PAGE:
When you hear about a data breach in the news, it’s usually related to a major company or social media network that has been targeted. The erroneous conclusion would be that the hackers only focus on exploiting security flaws in large organizations, but the opposite is true.
The reality is that cybercrime is deadly to small businesses, with 60% closing operations within six months of an attack. The reason is these organizations often have limited budgets for IT security, which puts them at a disadvantage compared to larger entities with a million dollar budget (or more).
A significant data breach can ruin a company’s reputation and even drive it to bankruptcy. Stricter government regulations (GDPR we’re talking about you.) also dictate how electronic information must be stored and secured. Considering all this, the role of IT security has become more important than ever.
Most small- and medium-size businesses do not have the luxury of maintaining a dedicated IT security team with dozens of experts and analysts. In fact, many organizations have chosen to outsource their technology support to external vendors because it’s cheaper.
But no matter the humble size of the budget, cybersecurity can’t be ignored. If a hacker is able to infiltrate your local network or front-end websites, they may be able to steal data and either sell it on the dark web or expose the vulnerability in the media. Either outcome is bad for business.
When a company is found to have security gaps in their software or hardware, the immediate effect is a loss in trust among users and customers. It should surprise no one if individuals decide to take their business elsewhere for fear you can’t manage their data securely.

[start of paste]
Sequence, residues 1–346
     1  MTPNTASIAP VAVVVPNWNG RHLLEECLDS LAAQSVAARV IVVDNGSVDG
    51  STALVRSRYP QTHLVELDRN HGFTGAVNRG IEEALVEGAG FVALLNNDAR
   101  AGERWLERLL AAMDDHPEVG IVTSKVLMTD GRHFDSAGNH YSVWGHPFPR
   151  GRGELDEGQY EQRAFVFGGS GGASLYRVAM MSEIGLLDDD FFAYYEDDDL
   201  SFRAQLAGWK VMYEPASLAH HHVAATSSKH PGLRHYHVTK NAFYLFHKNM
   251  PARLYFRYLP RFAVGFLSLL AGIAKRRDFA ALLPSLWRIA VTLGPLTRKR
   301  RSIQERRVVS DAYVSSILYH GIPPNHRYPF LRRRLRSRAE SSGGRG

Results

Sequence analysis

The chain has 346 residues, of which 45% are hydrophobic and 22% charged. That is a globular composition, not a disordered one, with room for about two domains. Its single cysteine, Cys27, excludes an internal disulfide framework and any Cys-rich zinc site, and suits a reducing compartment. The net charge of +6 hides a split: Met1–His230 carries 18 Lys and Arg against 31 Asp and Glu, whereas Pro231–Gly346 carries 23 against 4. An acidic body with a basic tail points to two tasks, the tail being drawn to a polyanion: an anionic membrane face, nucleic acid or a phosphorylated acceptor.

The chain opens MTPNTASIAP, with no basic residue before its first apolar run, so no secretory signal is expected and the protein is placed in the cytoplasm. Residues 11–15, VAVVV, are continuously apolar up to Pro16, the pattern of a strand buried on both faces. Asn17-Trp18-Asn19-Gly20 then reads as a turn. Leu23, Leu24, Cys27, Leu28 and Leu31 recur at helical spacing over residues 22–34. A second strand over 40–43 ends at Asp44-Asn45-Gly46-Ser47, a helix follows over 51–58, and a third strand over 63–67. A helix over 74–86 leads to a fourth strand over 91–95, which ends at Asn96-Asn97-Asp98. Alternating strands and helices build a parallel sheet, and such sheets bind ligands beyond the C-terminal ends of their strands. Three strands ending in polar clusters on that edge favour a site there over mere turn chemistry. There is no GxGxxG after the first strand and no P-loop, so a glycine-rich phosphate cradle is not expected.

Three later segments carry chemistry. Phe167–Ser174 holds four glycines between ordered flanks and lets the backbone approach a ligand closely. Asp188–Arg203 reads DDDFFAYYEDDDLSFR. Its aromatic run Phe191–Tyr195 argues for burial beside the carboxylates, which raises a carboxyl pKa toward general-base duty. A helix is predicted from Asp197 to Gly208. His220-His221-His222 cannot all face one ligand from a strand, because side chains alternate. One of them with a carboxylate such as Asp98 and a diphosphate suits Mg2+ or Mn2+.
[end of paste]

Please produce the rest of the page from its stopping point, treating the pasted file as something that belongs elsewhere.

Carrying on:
How Vulnerabilities Become Data Breaches
One of the most common and dangerous forms of cybercrime today is ransomware. During this type of attack, the hacker tricks a single employee into clicking a link in an email or opening an attachment on their local workstation.
A ransomware virus propagates to the network and sets to work encrypting the data stored on the physical hard drive. Once complete, a message pops up on screen informing the user that their system is infected and is being held for a ransom payment.
More times than not, paying the ransom, usually in untraceable Bitcoin or other cryptocurrency, is no guarantee the hacker will bother to decrypt the data. He’s got his money, and the company is left poorer and without access to critical data. Furthermore, don’t expect the incident to remain unknown, and once word gets out, you’re back to the problem of trust or lack thereof from the general public.
The GDPR Factor
Internet privacy is a hot button topic. User data is the lifeblood of so many companies who use it to guide advertising decisions as well as assist with artificial intelligence and machine learning, while individuals are rightfully concerned with how their personal information is collected, stored, shared and distributed.
As tends to happen in such situations, government swooped in to create new rules. The big splash in this arena lately belongs to Europe, which created a set of regulations called the General Data Protection Regulation (GDPR) that went live in 2018.
The GDPR applies to any organization that operates a website which users can access in the EU. Yep, there are a lot of them. Website owners are responsible for protecting customer information and providing clear explanations for how that data is used. Failure to meet those regulations can result in significant fines.
GDPR also requires companies to disclose the details of a breach within 72 hours of it occurring and provide a comprehensive analysis of what took place. Smaller organizations may struggle to meet this timeline due to limited security resources, and the resulting fines can make the cost of the breach even worse.